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Lord Jesus Christ, let him be branded with the heaviest curse, and sentenced with the fearfullest degree of excommunication.
THE SECOND EPISTLE OF PAUL THE APOSTLE TO THE CORINTHIANS.
I. 5 For as the sufferings of Christ abound in us, so our consolation also aboundeth by Christ.
For, as in these troubles and persecutions, which we endure for the Gospel, it is not so much we that suffer, as it is Christ that suffers in us; and in these we abound: so the consolations, which we have also, are in and by Christ; and these comforts abound, according to the proportion of our sufferings.
I. 6 And whether we be afflicted, it is for your consolation and salvation, which is effectual in the enduring of the same sufferings .which we also suffer: or whether we be comforted, it is for your consolation and salvation.
And, both our sufferings and consolations are for your good, and not only for our own: for, while we suffer patiently and constantly, we do herein give you an example of courageous suffering for Christ; whereby you may receive not only present consolation, but also eternal salvation, which is effectually wrought, through the mercy of Christ, in the enduring of those your sufferings; and while we are comforted, we give you a cheerful example of the joyful issue of those sufferings, and thereby help forward also your consolation and salvation.
I. 8 That we were pressed out of measure, above strength, insomuch that we despaired even of life.
We were pressed exceedingly with those troubles and persecutions, even above the power of our natural strength, to undergo them; insomuch as we made no account, that we could escape them with life:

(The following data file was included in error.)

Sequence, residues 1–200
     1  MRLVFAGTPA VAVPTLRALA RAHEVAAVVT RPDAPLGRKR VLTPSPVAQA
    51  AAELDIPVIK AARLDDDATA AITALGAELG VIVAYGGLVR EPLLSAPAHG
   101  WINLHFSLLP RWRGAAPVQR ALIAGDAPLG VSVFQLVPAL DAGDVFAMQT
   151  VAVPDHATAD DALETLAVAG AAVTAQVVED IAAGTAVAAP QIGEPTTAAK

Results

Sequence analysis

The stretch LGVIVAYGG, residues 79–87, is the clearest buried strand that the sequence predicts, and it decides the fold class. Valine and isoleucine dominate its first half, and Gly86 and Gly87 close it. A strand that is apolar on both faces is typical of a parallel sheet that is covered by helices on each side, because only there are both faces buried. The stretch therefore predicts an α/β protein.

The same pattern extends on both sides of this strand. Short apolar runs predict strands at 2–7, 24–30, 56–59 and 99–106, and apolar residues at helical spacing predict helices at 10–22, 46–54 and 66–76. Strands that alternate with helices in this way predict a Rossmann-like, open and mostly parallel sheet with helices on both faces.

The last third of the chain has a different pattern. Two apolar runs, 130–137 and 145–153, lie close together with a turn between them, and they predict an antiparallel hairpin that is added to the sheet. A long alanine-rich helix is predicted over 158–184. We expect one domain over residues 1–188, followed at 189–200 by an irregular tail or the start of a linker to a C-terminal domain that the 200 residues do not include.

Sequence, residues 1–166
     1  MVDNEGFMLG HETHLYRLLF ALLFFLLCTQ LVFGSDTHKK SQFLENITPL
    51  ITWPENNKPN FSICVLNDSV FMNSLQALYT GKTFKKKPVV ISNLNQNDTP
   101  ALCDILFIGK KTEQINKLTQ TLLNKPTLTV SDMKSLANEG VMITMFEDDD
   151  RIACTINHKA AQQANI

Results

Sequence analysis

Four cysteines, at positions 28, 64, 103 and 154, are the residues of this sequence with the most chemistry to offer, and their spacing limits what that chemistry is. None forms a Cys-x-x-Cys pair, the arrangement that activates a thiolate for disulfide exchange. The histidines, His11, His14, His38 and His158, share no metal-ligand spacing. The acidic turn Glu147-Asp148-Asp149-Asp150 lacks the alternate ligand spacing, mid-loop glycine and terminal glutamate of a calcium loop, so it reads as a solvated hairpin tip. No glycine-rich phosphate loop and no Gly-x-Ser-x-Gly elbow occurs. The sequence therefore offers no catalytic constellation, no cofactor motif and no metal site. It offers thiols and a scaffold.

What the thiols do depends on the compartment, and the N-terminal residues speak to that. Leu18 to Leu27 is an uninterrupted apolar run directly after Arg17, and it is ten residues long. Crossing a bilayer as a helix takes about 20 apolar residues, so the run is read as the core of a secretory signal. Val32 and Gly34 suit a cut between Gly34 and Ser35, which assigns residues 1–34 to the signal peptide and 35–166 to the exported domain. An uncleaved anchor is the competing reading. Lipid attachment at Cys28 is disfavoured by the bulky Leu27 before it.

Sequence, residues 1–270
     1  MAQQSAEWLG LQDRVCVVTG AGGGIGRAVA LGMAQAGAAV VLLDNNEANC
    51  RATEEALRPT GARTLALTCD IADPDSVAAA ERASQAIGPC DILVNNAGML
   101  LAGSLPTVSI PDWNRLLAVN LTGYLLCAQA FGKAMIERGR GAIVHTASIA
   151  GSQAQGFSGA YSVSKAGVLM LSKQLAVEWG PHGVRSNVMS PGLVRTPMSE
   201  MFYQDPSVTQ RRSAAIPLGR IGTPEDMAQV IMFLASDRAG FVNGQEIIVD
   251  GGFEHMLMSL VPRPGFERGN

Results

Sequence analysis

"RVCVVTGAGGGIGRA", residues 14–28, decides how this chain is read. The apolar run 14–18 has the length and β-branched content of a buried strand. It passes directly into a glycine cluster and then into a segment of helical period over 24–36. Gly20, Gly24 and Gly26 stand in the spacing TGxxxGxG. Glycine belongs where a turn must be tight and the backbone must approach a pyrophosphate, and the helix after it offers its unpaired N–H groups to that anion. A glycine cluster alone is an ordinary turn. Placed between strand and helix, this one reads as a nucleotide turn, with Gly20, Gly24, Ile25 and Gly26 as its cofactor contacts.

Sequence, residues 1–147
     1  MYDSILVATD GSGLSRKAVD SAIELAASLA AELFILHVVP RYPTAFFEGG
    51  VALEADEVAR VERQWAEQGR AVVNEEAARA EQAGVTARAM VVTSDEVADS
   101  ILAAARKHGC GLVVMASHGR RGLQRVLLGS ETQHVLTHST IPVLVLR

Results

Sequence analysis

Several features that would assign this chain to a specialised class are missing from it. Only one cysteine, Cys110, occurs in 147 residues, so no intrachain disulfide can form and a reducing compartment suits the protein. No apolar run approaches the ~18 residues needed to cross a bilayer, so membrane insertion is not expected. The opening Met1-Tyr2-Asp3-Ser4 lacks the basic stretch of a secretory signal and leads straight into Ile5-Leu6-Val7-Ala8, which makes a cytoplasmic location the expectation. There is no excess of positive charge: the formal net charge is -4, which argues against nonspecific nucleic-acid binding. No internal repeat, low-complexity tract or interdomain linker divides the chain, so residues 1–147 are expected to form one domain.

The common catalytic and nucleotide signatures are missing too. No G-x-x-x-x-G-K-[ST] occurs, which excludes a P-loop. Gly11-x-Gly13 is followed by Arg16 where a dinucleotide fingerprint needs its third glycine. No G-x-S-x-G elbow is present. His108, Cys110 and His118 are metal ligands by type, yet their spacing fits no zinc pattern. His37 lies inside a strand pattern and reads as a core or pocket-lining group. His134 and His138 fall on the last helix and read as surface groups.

I. 9 But we had the sentence of death in ourselves, that we should not trust in ourselves, but in God which raiseth the dead: But we made full reckoning of our present death, as utterly inevitable; giving ourselves for dead men, that we should not trust in ourselves for any possibility of life, but in God, who raiseth the very dead:
I. 10 Who delivered us from so great a death.
Who delivered us from so instant and so cruel a death.
I. 11 That for the gift bestowed upon us by the means of many persons, thanks may be given by many on our behalf. That, for the gift bestowed upon us, for the benefit and behoof of many and upon the earnest prayers of many, thanks may be also given to God by many, on our behalf.
I. 12 For our rejoicing is this, the testimony of our conscience,
that in simplicity and godly sincerity, not with fleshly wisdom, but by the grace of God, we have had our conversation in the world, and more abundantly to you-ward.